Monday, May 7, 2012 | 1:11 p.m.
When it comes to cutting-edge cuisine in Las Vegas, daring diners have to face the facts: while there is no shortage of creative talent on the Strip, every chef in every restaurant must meet the demands of dollars and sense. The food can’t be as wild and crazy as they (and we) may want it to be. The menu must be approachable enough for our all-important visitors, whether we’re talking conventioneers, vacationing tourists or all-around insatiable eaters (like us). It’s no wonder there are so many steakhouses on the Strip; beef is still what the people want.
But that doesn’t mean these amazing chefs don’t get the chance to show off their skill and imagination. Special event dinners often provide the opportunity for kitchen crews to spread their wings, and I experienced just that last week at the Joseph Phelps Wine Dinner at Comme Ça in the Cosmopolitan. Bill Phelps, son of the Spring Valley, California winemaker, was in the house to talk about the vineyard and its delicious creations, and the wine and pairings were outstanding. (The biggest and baddest had to be the 2006 Insignia, black as night, earthy and fruity.) But nothing could outshine the four courses of mind-blowing food from Comme Ça executive chef Brian Howard, who continues to build a reputation as one of the city’s most ambitious and innovative young chefs.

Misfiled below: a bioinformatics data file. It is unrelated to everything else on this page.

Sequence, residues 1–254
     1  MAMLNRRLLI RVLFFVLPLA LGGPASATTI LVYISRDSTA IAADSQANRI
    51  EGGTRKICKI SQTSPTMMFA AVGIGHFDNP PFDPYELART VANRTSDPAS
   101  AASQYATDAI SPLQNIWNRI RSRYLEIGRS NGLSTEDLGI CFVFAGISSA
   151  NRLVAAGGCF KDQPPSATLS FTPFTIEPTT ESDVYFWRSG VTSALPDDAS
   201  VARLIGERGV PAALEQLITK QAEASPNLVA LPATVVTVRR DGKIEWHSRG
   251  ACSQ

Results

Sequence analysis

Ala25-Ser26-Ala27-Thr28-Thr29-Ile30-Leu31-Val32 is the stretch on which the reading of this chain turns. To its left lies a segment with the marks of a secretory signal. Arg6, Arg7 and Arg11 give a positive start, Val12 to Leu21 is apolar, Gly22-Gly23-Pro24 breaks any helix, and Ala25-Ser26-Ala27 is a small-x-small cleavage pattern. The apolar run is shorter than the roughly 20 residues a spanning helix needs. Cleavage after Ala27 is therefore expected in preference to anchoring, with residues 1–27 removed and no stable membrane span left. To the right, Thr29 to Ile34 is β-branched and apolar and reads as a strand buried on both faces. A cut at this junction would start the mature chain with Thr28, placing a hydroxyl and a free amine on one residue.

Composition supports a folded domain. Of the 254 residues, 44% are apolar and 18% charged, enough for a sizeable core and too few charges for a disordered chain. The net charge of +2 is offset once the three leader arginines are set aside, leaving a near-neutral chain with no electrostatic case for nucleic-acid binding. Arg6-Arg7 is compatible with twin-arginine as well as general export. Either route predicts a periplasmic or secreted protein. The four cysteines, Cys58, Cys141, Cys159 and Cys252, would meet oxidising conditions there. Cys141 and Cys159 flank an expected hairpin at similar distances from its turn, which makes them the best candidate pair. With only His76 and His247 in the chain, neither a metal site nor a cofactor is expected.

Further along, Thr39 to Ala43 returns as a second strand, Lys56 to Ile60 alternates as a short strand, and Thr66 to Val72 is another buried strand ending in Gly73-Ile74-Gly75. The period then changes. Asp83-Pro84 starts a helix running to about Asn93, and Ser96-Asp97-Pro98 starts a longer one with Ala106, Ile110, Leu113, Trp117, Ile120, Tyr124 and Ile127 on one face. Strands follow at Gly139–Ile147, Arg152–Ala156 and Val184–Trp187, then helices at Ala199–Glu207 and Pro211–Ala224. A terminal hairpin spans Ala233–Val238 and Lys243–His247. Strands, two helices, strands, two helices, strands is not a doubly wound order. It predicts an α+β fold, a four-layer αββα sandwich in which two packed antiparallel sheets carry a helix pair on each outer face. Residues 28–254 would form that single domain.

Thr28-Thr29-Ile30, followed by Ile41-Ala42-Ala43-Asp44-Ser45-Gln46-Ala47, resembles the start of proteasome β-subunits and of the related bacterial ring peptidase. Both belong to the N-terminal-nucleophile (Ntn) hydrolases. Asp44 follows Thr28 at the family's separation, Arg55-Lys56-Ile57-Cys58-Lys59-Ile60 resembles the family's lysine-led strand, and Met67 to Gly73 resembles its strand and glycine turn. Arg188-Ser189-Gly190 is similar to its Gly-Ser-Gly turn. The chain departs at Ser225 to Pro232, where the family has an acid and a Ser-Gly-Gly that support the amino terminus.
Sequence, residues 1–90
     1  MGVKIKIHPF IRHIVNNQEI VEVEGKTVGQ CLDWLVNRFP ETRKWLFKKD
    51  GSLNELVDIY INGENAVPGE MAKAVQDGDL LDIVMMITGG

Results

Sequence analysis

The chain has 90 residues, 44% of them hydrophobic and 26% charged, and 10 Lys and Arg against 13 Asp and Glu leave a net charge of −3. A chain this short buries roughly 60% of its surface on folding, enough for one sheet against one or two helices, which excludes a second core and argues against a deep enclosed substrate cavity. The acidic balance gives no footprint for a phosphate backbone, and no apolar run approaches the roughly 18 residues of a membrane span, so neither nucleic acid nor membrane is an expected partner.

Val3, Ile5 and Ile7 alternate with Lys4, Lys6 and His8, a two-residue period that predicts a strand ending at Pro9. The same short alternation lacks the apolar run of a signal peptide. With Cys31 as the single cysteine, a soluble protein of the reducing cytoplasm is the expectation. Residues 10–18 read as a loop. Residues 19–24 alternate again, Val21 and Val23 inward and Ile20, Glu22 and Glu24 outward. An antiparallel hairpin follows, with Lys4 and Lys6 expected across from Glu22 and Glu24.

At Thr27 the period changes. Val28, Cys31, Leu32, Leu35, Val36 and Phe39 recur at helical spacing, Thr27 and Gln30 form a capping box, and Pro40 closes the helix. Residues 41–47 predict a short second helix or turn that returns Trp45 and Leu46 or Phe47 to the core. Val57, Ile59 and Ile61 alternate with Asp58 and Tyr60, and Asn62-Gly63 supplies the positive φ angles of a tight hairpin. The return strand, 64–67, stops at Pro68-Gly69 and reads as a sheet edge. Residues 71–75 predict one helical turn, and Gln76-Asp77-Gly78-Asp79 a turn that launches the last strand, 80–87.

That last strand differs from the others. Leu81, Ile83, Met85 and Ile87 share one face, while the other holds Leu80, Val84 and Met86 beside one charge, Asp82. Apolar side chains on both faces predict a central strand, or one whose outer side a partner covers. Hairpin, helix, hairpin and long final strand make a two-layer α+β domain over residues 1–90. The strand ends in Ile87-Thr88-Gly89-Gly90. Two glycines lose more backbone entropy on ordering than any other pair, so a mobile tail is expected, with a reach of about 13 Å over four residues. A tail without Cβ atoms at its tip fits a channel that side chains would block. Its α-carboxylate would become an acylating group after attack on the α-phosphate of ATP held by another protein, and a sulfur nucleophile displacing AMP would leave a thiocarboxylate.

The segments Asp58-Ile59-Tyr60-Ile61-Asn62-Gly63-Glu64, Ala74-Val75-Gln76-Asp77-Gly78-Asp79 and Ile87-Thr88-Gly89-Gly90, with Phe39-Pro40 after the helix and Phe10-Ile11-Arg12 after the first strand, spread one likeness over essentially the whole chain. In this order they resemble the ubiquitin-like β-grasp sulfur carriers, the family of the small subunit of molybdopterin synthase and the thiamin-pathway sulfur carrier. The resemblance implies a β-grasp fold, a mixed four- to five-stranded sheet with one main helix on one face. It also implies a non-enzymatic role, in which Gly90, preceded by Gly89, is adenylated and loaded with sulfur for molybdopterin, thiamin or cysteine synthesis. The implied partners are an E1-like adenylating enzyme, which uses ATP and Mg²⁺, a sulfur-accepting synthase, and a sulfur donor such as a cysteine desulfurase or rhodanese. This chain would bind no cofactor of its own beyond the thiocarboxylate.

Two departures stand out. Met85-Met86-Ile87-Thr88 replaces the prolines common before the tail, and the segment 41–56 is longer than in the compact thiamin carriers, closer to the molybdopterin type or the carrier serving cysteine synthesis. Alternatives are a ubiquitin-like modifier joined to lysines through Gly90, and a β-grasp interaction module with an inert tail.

- Comme Ça
- Cosmopolitan, 698-7910.
- Lunch, Friday-Sunday, 12 p.m.-5 p.m.; Dinner, daily, 5:30 p.m.-11 p.m.
Insanely good passed hors d’oeuvres set the tone, including tiny pastry cones stuffed with sweetbreads and foie gras macarons. The first course, served with Phelps’ brisk Fogdog Chardonnay, was a homerun off the first pitch: chilled lobster, poached with carrots to create an unbelievably fresh, subtly sweet bite, served with curry-spiced granola. Howard joked that he’d be selling the granola at Whole Foods soon, but it’s serious stuff, an addictive, crunchy, richly-spiced snack.
Next was a decadent stack of charred pork belly, confit of eel, and crisp chicharron in a deep roasted tomato jus, next-level surf and turf. The third course combined lamb neck tagine (in puff pastry), wild boar tenderloin and foie gras. Howard is a genius when it comes to animal parts seldom used in American cooking, and this was another meat masterpiece to add to his repertoire (especially paired with a vertical flight of Insignia).
Dessert was a deliciously sweet science project, rhubarb slow cooked in celery with compressed pineapple “sprinkles” and coconut. Each dish was so good, and so different, that it was a shame only 30 people shared the adventure. Fortunately, Howard has a multi-course Bistronomy menu to mix with the straight-up delicious brasserie classics at Comme Ça. It’s one of the best ways to sample one chef’s creativity.